Rob replied, “I’m talkin’ rabbits not rockets. You see, Brer Rabbit was a ‘Little Guy.’ He used his wits to beat Brer Fox time after time. That is the secret no matter what kind of business you have. Sure there are times when massive amounts of money poured on an opportunity are going to get the Foxes share but a little ingenuity can go a long way to making your business successful.”

Kathy said, “I see where you’re going with this. You want folks to look at the Briar patch as their happy hunting grounds. It’s like telling a cold caller not to go into that high rise looking for business.”

“I’m not familiar with the stories,” Chris said.

“The stories are about a very clever rabbit. I responded. He continuously turned the tables on just about all the other critters in the woods. Even though he was little, his ingenuity kept him alive and well-fed through adventure after adventure. Once when captured by Brer Fox he pleaded not to be eaten saying, ‘Please don’t fling me in that briar patch’ each time the Fox suggested how he might be cooked. The fox flung him. Brer Rabbit laughed and scampered to safety through the home of his youth.”

“Nice summary for a Yankee,” said Rob. “The key thing here is that there are differences between Little Guys and Enterprises. In my view here’s what you can take advantage of:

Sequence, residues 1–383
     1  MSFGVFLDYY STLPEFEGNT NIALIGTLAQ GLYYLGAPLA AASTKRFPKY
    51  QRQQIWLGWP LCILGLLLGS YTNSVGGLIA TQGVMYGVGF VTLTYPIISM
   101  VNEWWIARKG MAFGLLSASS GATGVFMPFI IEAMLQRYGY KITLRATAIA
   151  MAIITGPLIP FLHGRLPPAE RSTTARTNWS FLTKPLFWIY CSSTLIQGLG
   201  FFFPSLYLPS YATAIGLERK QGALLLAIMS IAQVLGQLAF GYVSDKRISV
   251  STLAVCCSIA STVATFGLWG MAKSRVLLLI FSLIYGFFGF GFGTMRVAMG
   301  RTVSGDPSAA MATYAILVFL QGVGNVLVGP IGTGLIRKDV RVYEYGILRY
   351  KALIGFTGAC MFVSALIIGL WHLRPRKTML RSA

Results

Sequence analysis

1. You don’t make committee decisions. You don’t have to check a bunch of schedules and wait until everyone is available. You can have a meeting in a heartbeat and make a decision before the Foxes, Bears and other big critters can find the conference room.
  2. On the other hand you can use the same sort of scheduling and contact management software to keep track of your team as well as your customers, prospects and suspects. And because you’re operatin’ in your briar patch you know those folks a lot better than someone who is not used to thorny interactions.
  3. You can easily monitor your marketing campaigns in real time and adapt the analytics developed for internet usage by your out-of-the-briar-patch competitors. In simple terms, use your ingenuity and your ability to move quickly to win on your terms. Remember, you need far fewer sales than the enterprises to have a successful business.”

Gail took a sip of iced tea, stirred it and said, “So what you’re saying is that the Little Guys really have an advantage. The combination of ingenuity, decision speed and desire, no, essential need, to know how things are going moment to moment provides an edge, an edge that is the key to winning.”

“Couldn’ta said it better myself,” said Rob.

Do you agree? What other Brer Rabbit differences would you add? Let us know with your comments.


Jerry and the whole menagerie will be back next week. See you in the Briar Patch.

Jerry Fletcher builds trust-based marketing strategies for Little Guys. Small businesses introducing themselves, new products or new services that are taking their business up a notch. Learn more at: www.JerryFletcher.com

Jerry is an international professional speaker and consultant. Learn more at www.NetworkingNinja.com